Update: We have just completed a mosaic of our archival, pre-earthquake imagery to aid disaster assessment efforts. For access, email firstname.lastname@example.org.
The devastating 7.8 magnitude earthquake that struck late Saturday evening in Nepal is a disaster of the first order, and our hearts break for the thousands of people whose lives have been lost, hurt and deeply disrupted. The tragedy is still unfolding, and timely information and targeted support is urgently needed to ensure that the response is as effective as possible.
The digital humanitarian community has been robustly engaged, and many organizations around the world are contributing data and talent to assist on-the-ground efforts. Facebook has activated its Safety Check service, and Google has done the same with its Person Finder feature, both of which help connect people inside and outside of the affected areas. DigitalGlobe, through its Tomnod effort, has made post-disaster images of Kathmandu available; Mapbox has processed this imagery and provided it to Humanitarian OpenStreetMap.
On the ground, the team at Kathmandu Living Labs is busily coordinating the OpenStreetMap volunteers in getting accurate, timely and mobile-friendly maps and information to first responders.
Many others in the crisis mapping community are also hard at work, including CrisisMappers and Ushahidi (which has a great post on how to support online volunteer response). Governments are participating, too – India, for example, is sending UAVs to help map the destruction.
What Planet Labs is DoingWhile Planet Labs’ own imagery and services are still evolving, over the past few months we have captured significant imagery of currently-affected areas in Nepal, including Kathmandu.
A Planet Labs image of urban Kathmandu taken on March 9, 2015
We are engaged participants in the International Charter on Space and Major Disasters, an international space charter that ensures timely satellite data is made available to rescue authorities. Within hours of the earthquake, we began working to make our imagery archive of the region (about 3000 scenes) available to the public on the Hazards Data Distribution System run by the US Geological Survey.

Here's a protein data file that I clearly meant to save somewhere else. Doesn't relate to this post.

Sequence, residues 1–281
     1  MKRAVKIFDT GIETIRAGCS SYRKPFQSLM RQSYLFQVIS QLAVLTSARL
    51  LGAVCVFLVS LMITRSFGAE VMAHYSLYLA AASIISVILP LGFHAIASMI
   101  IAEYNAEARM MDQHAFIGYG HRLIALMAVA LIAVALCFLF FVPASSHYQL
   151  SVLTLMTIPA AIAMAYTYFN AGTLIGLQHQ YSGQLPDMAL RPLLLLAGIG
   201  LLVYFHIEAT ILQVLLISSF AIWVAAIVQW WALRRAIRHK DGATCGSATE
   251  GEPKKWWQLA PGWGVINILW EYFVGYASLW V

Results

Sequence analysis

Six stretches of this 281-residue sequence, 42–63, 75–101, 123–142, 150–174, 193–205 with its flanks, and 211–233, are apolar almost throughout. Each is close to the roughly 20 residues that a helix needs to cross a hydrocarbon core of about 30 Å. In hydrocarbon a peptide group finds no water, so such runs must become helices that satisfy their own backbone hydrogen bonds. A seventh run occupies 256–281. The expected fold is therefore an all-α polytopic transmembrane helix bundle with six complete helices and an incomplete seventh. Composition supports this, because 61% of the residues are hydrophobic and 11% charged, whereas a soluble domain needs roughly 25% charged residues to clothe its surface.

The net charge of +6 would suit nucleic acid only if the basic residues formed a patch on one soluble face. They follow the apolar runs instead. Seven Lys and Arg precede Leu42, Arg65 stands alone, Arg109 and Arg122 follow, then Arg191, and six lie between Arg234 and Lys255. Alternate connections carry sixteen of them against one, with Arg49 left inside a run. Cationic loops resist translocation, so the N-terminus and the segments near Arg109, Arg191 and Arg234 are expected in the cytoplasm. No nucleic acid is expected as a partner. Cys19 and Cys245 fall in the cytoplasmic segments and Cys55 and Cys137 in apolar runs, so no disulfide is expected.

All of our available, public data is provided under a truly open usage license (CC BY-SA), with all tracing of imagery for OpenStreetMap allowed. The open data license means that our imagery will be accessible indefinitely for responders and researchers to analyze and improve response efforts in the future.
Already, organizations as diverse as OpenStreetMap, IFC, World Vision International, and the Lamont-Doherty Earth Observatory have requested data access, and we remain in regular contact with many others involved.
In the days and weeks to come, we will capture additional, post-earthquake imagery, and will provide continuous updates as we collect data. To enable faster access to our raw and mosaicked imagery, we are offering our platform, beta web tools, and API keys to interested parties. If you’re interested in contributing to relief efforts and would like access to our platform, please contact email@example.com.
At Planet Labs, our founding intent is to use space to help life on Earth. We’re constantly improving our hardware capabilities, image quality and data pipeline. We hope to help improve the response to, and diminish the suffering caused by, this terrible tragedy. If you have specific data needs, ideas or suggestions for how we can help, please contact us.